- The Washington Times - Monday, May 1, 2000

Enjoyable, common-sense editorial about Boy Scouts

I enjoyed your editorial on the demise of common sense regarding the struggle to keep the Boy Scouts free of those it considers unsuitable leaders ("Trustworthy, loyal, helpful and gay?" April 28). Your position is entirely correct.

One passage, however, is off the mark: "Scout leaders have traditionally been older men fathers of the boys in the troop who are understandably concerned with mentoring and guiding their charges. 'Twentysomething,' single, unattached young males clinging to merit badges and campfires is, well, odd."

Yes, scoutmasters are usually fathers of boys in the troop. Their assistants are not, however. In my experience as a Scout in the 1980s, most of the assistant scoutmasters were young men in their 20s and 30s, and few if any were married. They were alumni of the troop who provided some of the best guidance and leadership we had. None of them was a homosexual.

We never considered these men wanting to go hiking, camping, canoeing and shooting "odd." Given their age, they were frequently better able to keep up with the older boys than some of the older scoutmasters.

I was an assistant scoutmaster in the mid-'90s, and my primary purpose was to take them hiking and camping. At the time, I was a captain in the Marine Corps, in my late 20s, single and heterosexual. (References, as they say, furnished upon request.) I was almost always the only adult out with a half-dozen or more teen-age boys.

I did it because scouting provided me with much of the basis for the decisions I took later in life, and I wanted to offer some of the same good experiences and positive guidance I received. Lord knows they need it.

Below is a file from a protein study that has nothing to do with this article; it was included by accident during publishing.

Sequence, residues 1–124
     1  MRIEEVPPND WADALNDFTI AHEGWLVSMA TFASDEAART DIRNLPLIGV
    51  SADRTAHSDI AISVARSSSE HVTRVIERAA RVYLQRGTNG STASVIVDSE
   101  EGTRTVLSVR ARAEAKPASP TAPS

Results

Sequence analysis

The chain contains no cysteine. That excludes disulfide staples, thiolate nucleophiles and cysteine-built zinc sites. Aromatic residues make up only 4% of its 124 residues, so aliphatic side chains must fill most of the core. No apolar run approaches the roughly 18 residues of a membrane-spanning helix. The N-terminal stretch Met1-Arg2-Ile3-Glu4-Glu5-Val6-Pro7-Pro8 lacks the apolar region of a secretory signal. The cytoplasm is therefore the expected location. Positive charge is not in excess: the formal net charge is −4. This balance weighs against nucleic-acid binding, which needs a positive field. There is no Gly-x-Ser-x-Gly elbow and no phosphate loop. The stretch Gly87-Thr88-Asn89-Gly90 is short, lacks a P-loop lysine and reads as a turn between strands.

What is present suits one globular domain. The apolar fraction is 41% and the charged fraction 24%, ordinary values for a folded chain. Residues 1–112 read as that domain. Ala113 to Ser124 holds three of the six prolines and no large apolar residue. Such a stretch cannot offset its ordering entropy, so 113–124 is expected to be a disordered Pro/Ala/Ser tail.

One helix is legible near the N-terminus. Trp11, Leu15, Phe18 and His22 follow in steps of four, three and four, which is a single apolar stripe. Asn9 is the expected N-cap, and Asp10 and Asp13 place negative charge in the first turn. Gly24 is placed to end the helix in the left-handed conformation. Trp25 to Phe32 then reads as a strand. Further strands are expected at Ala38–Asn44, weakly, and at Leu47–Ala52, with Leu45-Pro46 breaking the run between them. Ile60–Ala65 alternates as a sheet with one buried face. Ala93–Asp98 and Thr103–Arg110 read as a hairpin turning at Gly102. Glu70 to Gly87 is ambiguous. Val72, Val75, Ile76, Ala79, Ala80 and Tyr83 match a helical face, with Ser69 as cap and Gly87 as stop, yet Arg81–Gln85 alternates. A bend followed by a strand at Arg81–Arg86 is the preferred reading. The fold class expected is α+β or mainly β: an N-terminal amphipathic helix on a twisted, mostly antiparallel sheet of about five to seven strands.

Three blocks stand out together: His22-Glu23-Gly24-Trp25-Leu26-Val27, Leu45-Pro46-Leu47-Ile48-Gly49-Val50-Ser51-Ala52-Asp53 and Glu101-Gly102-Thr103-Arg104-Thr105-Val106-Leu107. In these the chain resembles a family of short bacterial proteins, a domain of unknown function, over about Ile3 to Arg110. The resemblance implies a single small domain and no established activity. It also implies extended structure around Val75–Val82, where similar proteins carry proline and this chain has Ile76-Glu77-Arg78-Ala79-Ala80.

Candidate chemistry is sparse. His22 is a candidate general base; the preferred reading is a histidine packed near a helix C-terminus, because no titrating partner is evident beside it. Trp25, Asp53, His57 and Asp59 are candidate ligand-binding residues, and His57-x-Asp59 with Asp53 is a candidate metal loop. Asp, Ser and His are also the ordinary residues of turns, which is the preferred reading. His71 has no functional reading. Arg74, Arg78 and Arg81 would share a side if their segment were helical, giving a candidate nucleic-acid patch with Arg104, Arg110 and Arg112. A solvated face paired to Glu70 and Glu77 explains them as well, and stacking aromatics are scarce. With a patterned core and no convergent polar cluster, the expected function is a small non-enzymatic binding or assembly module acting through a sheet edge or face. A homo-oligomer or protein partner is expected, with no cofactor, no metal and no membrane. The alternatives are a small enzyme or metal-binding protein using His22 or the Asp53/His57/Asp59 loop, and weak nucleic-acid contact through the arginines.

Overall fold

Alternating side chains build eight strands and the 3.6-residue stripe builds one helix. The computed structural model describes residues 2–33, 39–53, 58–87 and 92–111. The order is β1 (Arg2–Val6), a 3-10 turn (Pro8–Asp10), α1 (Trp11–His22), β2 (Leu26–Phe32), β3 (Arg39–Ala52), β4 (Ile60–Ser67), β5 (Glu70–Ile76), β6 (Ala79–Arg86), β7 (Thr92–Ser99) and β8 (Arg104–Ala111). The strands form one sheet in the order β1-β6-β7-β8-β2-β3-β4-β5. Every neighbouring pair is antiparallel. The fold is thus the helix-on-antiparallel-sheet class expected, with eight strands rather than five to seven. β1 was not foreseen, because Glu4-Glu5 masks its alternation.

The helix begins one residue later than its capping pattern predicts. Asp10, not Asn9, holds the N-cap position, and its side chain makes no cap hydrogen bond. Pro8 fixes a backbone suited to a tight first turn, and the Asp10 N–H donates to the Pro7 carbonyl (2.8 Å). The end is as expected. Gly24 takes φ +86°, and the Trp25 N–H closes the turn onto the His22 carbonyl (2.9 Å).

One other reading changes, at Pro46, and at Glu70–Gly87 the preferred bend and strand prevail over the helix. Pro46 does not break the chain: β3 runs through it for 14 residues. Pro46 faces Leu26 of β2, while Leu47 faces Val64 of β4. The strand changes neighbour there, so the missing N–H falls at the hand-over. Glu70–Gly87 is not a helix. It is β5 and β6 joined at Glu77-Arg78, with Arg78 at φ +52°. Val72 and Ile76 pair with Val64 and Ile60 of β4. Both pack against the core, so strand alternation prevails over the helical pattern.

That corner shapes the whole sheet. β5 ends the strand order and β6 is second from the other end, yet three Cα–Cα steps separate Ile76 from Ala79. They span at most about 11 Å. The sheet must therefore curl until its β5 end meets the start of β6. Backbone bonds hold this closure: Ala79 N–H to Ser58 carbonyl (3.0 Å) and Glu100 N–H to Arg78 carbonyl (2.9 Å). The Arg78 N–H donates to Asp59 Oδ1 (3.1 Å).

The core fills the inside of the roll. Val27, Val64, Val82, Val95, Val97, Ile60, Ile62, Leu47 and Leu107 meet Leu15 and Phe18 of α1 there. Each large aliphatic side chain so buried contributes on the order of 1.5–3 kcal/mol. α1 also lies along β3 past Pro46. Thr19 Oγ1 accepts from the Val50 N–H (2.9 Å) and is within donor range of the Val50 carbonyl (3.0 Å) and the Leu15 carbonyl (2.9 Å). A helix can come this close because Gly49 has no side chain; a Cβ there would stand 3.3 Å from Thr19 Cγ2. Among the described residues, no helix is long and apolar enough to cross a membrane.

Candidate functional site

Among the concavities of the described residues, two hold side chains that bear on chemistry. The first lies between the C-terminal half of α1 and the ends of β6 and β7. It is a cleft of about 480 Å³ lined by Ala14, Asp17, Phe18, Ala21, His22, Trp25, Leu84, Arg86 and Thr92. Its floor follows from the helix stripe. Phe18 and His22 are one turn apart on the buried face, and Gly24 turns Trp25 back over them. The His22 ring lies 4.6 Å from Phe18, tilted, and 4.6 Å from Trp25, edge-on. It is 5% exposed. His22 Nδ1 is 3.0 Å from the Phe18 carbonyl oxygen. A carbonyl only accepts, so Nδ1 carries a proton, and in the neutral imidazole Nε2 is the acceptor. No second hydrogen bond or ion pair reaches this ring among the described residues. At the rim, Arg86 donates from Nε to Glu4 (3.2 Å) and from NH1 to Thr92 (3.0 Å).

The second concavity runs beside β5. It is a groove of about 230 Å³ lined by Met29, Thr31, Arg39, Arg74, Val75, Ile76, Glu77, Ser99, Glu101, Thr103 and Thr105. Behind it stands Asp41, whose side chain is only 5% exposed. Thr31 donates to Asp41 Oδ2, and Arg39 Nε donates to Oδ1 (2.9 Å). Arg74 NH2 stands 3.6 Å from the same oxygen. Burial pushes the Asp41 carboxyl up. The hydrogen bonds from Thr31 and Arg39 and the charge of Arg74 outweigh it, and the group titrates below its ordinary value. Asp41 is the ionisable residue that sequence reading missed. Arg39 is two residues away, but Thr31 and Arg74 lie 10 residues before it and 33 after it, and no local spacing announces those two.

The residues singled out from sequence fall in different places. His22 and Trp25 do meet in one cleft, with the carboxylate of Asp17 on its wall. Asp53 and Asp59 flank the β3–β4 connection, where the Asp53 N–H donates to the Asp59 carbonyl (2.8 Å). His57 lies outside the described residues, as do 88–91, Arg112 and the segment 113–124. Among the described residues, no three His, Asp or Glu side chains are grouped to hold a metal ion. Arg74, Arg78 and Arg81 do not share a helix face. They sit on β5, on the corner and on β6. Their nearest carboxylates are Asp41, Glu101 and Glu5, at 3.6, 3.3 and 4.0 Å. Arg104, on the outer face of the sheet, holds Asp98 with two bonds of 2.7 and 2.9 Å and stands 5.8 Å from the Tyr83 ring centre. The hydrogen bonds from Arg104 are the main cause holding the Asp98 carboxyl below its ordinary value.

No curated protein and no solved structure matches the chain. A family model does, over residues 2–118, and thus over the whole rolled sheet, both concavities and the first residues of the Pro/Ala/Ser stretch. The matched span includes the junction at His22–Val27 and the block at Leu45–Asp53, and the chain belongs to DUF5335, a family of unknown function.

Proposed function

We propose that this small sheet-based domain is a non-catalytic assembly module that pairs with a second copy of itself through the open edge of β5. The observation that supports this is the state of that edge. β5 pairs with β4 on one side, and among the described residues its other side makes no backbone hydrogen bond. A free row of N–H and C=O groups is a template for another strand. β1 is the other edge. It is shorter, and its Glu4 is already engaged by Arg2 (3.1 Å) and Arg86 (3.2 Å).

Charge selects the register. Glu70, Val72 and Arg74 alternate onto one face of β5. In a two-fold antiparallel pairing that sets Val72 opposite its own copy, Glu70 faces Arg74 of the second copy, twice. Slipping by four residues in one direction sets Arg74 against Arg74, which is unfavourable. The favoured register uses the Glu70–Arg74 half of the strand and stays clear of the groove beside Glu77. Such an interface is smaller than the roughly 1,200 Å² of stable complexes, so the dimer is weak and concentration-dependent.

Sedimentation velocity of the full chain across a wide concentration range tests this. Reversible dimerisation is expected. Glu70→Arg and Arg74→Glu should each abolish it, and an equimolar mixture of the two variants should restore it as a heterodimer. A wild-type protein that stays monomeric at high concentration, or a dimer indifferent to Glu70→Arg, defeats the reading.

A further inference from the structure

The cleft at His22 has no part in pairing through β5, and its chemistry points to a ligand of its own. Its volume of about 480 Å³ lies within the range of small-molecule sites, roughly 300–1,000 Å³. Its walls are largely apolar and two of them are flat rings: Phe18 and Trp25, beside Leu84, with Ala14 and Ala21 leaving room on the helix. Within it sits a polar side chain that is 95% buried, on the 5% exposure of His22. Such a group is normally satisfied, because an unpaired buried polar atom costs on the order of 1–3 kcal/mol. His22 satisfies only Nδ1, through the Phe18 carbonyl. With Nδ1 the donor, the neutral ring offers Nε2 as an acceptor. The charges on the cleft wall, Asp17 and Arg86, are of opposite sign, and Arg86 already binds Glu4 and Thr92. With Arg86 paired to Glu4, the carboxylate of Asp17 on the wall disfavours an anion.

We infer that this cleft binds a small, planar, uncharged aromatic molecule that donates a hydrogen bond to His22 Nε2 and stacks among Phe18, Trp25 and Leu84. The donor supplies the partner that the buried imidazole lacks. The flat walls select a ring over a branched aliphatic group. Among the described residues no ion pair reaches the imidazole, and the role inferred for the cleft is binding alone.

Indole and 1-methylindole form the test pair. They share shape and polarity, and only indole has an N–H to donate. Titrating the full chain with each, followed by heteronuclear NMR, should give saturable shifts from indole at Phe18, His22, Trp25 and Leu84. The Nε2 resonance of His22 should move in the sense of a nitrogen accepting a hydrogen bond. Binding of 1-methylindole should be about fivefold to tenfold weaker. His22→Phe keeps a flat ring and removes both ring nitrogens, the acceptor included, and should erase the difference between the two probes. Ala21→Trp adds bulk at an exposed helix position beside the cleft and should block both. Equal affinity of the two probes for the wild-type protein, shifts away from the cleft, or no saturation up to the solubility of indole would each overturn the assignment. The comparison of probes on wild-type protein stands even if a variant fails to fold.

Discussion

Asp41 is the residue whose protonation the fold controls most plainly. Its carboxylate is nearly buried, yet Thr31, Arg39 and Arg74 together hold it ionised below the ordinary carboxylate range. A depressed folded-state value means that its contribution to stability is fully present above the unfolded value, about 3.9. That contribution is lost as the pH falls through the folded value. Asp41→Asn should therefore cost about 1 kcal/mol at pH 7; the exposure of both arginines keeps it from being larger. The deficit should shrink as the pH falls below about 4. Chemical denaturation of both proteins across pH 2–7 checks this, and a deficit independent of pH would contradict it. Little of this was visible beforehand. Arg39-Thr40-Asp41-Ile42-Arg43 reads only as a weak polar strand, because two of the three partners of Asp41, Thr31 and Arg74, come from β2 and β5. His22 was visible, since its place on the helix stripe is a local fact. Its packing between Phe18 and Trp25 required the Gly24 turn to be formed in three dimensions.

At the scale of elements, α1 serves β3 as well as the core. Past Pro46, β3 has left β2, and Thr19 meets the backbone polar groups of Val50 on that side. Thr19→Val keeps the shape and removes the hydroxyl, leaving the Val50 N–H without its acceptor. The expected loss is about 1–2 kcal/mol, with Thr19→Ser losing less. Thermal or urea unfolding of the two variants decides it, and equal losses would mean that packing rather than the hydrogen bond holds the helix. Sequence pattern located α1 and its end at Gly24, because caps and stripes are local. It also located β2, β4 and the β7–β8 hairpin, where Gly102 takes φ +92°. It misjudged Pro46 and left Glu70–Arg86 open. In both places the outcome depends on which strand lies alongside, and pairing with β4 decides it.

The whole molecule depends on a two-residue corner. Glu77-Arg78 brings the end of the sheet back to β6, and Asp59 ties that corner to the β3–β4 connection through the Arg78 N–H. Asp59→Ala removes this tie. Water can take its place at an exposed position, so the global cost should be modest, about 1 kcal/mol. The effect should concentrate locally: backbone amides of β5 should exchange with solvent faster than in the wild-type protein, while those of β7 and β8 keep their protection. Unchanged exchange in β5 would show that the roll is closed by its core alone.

Lake Ridge, Va.



Even if the Boy Scouts had no message of its own regarding homosexuality and Scouting, this organization has the right under controlling Supreme Court precedent to refuse to be the bearer of a message of a member who wants to declare his pride in being a homosexual Scout.

The declaration is speech, and on that basis, the Supreme Court has consistently held that whether an organization is private or public, it has the right to disqualify from membership a member whose views are at manifest odds with those of the organization, when the organization takes a position.

This was the essence of the unanimous opinion of the court in the 1995 St. Patrick's Day Parade case, Hurley vs. Irish-American Gay, Lesbian and Bisexual Group of Boston, and in earlier public club cases.

I have every reason to believe the Supreme Court will not abandon this important and binding precedent now or in the near future.


Dorchester, Mass.


Paul Joseph Walkowski is co-author of "From Trial Court to the United States Supreme Court" (Branden Publishing).


Score one for common sense. The editorial "Trustworthy, loyal, helpful and gay?" reflects a stance that needs to be taken by every American who wishes to preserve the rights to privacy and free association against the onslaught of crybaby minority activists who seek to impose themselves on private organizations.

The editorial is right to equate the prospect of a young homosexual male taking a group of boys into the woods with that of a young heterosexual male taking a group of girls into the woods. It would be foolish to allow it.

Besides the obvious and dangerous opportunities that such a situation would present, the Boy Scouts of America, as a private Judeo-Christian organization, has the right to exclude anyone homosexuals, Muslims, Hindus, etc. who cannot adhere to the values the organization was founded to embody.



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